Interesting proof of sequence limit

In summary, the author has attempted to prove that the sequence x_n=\frac{n}{\sqrt[n]{n!}} is increasing and \lim_{n\rightarrow\infty}{x_n}=e, but has been unsuccessful.
  • #1
paniurelis
12
0
Prove that sequence [tex]x_n=\frac{n}{\sqrt[n]{n!}}[/tex] is increasing and [tex]\lim_{n\rightarrow\infty}{x_n} = e[/tex]

My attempt:
First, I try to prove [tex]\forall n\in N:\frac{x_{n+1}}{x_n}>1[/tex].
[tex]\forall n\in :\frac{x_{n+1}}{x_n}=\frac{n+1}{n}\frac{\sqrt[n]{n!}}{\sqrt[n+1]{(n+1)!}}
=\sqrt[n(n+1)]{\frac{(n+1)^{n(n+1)}(n!)^{n+1}}{n^{n(n+1)}((n+1)!)^n}}
=\sqrt[n(n+1)]{\frac{(n+1)^{n^2}n!}{n^{n^2+n}}}[/tex] and this is dead end.

Another attempt, we have [tex]x_1 > 0, x_2 > 0, ..., x_n>0:\sqrt[n]{x_1x_2..x_n}\leq\frac{x_1+x_2+...+x_n}{n}[/tex], where equality is then [tex]x_1=x_2=...=x_n[/tex]
So, [tex]\forall n\in N: \sqrt[n]{n!}<\frac{(1+n)n}{2n}=\frac{n+1}{2}
\Longrightarrow x_n=\frac{n}{\sqrt[n]{n!}}>\frac{2n}{1+n}=y_n[/tex]
Sequence [tex](y_n)[/tex] is increasing, because [tex]\forall n\in N:\frac{y_{n+1}}{y_n}=\frac{2(n+1)}{n+2}\frac{1+n}{n+2}=\frac{n^2+2n+1}{n+2}=n+\frac{1}{n+2}>1[/tex]

Can I say, [tex]x_n[/tex] is increasing, because [tex]y_n[/tex] is increasing and [tex]x_n > y_n, n \in N[/tex] ?

Next, we have [tex]n!>\left({\frac{n}{e}}\right)^n, n \in N[/tex]. I will omit the proof of this inequality, it is proven very simply by using math. induction.

So, we have [tex]\forall n\in N:n!>\left({\frac{n}{e}}\right)^n \Longrightarrow e>\frac{n}{\sqrt[n]{n!}}[/tex]

Next, [tex]\forall n \in N: \sqrt[n]{n!} < \frac{(n+1)n}{2n} = \left(1 + \frac{1}{n}\right) \frac{n}{2}<\left(1 + \frac{1}{n}\right)n=\frac{1}{1-\frac{1}{n+1}}n \Longrightarrow x_n=\frac{n}{\sqrt[n]{n!}}>1-\frac{1}{n+1}>1-\frac{1}{n}>\left(1-\frac{1}{n}\right)^{n}=z_n[/tex]

Finally, we have [tex]\forall n \in N: e> x_n=\frac{n}{\sqrt[n]{n!}}>z_n[/tex]
and [tex]\lim_{n\rightarrow\infty}z_n=e \Longrightarrow \lim_{n\rightarrow\infty}x_n=e[/tex]

Q.E.D.

Is it correct ? Any suggestions ? I am missing something here...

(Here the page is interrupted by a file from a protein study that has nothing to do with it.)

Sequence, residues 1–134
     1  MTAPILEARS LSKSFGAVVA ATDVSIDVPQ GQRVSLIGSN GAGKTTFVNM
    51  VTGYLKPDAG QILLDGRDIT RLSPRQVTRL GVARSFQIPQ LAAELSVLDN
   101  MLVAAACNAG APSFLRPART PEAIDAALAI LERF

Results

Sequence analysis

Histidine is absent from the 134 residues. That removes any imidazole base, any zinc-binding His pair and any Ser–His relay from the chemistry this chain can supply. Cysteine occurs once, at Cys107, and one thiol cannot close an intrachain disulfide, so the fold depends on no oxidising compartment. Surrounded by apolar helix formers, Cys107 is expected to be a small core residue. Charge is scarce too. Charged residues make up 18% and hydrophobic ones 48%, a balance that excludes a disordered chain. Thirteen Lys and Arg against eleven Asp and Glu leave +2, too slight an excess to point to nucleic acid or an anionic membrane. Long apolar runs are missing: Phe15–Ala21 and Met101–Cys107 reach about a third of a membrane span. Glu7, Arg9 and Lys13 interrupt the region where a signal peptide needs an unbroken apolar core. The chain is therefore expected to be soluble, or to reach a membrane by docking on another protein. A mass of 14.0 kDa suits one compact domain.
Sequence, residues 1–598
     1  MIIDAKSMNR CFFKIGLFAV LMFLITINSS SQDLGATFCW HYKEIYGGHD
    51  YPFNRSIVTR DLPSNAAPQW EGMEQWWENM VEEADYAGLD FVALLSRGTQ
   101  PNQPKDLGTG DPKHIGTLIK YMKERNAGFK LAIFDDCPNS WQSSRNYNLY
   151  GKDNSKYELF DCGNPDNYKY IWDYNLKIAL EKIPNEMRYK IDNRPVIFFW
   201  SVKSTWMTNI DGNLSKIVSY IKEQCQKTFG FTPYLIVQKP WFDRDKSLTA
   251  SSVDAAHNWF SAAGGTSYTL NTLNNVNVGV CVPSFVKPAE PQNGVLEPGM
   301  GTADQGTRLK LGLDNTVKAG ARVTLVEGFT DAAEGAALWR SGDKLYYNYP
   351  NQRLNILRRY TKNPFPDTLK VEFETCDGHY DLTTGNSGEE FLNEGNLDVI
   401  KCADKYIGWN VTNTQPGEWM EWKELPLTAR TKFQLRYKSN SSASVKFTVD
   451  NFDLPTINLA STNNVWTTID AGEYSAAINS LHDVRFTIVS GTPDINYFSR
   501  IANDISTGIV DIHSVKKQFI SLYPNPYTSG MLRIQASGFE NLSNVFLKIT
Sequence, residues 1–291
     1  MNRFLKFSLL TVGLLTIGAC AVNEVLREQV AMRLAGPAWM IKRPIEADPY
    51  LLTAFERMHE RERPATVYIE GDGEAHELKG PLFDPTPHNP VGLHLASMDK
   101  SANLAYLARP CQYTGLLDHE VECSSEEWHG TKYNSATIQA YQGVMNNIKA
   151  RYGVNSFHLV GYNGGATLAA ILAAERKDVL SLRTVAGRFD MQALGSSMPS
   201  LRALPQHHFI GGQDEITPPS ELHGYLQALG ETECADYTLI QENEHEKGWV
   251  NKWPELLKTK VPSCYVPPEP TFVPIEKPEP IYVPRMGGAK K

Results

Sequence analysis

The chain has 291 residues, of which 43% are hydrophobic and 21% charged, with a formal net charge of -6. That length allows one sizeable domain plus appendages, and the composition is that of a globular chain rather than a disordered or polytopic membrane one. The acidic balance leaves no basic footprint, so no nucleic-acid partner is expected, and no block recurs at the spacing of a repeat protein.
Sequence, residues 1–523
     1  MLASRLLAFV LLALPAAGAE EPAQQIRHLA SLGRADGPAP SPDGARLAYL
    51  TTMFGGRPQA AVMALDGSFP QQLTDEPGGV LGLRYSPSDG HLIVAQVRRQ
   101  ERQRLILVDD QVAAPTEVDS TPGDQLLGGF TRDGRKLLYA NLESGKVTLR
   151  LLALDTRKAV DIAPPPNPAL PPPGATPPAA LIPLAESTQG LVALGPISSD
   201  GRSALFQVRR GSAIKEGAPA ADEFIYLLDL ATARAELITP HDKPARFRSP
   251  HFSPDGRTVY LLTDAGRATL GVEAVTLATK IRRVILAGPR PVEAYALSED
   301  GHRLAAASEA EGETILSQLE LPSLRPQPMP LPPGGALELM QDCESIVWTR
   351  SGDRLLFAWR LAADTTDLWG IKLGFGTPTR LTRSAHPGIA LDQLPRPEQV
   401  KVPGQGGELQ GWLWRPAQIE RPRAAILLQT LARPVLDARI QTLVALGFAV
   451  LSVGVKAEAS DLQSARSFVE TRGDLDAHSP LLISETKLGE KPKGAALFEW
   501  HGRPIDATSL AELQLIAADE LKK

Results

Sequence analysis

Last edited:
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  • #2
And another related problem with one above: Prove sequence [tex](y_n), y_n=\frac{n}{\left(\sqrt[n]{n!}\right)^2}[/tex] is decreasing and [tex]\lim y_n = 0 [/tex].
I see [tex]y_n=\frac{x_n^2}{n}[/tex] and [tex]\lim y_n = \frac{\lim x_n^2}{\lim_{n\rightarrow\infty}n}=\frac{e^2}{\lim_{\rightarrow\infty}n}=0.[/tex]

But how to show sequence is decreasing ?
 
  • #3
paniurelis said:
Can I say, [tex]x_n[/tex] is increasing, because [tex]y_n[/tex] is increasing and [tex]x_n > y_n, n \in N[/tex] ?

No you can't.
Also, you missed the ! in the original equation for x_n.

The first thing I see with expression for x_n (once I realized that it should be n! not n in the denominator) is that if you expand out the n! you get

[tex]
x_n^{-1}=\sqrt[n]{(1/n)(2/n)(3/n)\cdots(n/n)}
[/tex]

This is just a geometric mean. Maybe that helps you?
 
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  • #4
might be easier to take logs, so
[tex]
\log x_n = \sum_{k=1}^{n} (-\log(k/n)) (1/n)
[/tex]
which will approach the limit [itex]\int_0^1(-\log(x))dx[/itex] from below. You still need to show that the approximations converge monotonically to the limit as n increases.
 
  • #5
Thank you, gel, I have corrected x_n with ! in my first post. Also, I have found error in my original post:
[tex]\lim_{n\rightarrow\infty}z_n=e \Longrightarrow \lim_{n\rightarrow\infty}x_n=e[/tex]

Should be: [tex]\lim_{n\rightarrow\infty}z_n=\frac{1}{e} \Longrightarrow e\geq \lim_{n\rightarrow\infty}x_n\geq \frac{1}{e}[/tex]

So, now I have proven [tex]x_n[/tex] is bounded, but not the convergence to e :-(
I'll think about geometric mean and logarithms, maybe I will come up with something :-)
 

Related to Interesting proof of sequence limit

What is a sequence limit?

A sequence limit is the value that a sequence approaches as the number of terms in the sequence increases. It is also known as the limit of a sequence.

Why is the proof of a sequence limit interesting?

The proof of a sequence limit is interesting because it helps us understand the behavior of a sequence and provides a mathematical basis for many real-world applications. It also allows us to determine if a sequence converges or diverges.

What are the different methods used to prove a sequence limit?

There are several methods used to prove a sequence limit, including the epsilon-delta method, the monotone convergence theorem, and the squeeze theorem. Each method has its own set of requirements and is used depending on the nature of the sequence.

Can a sequence have more than one limit?

No, a sequence can only have one limit. If a sequence has more than one limit, it is considered to be divergent.

What is the importance of understanding sequence limits in scientific research?

Understanding sequence limits is crucial in scientific research as it allows us to make predictions and draw conclusions based on the behavior of a sequence. It also helps in understanding the convergence or divergence of data, which is essential in many fields of research such as physics, engineering, and economics.

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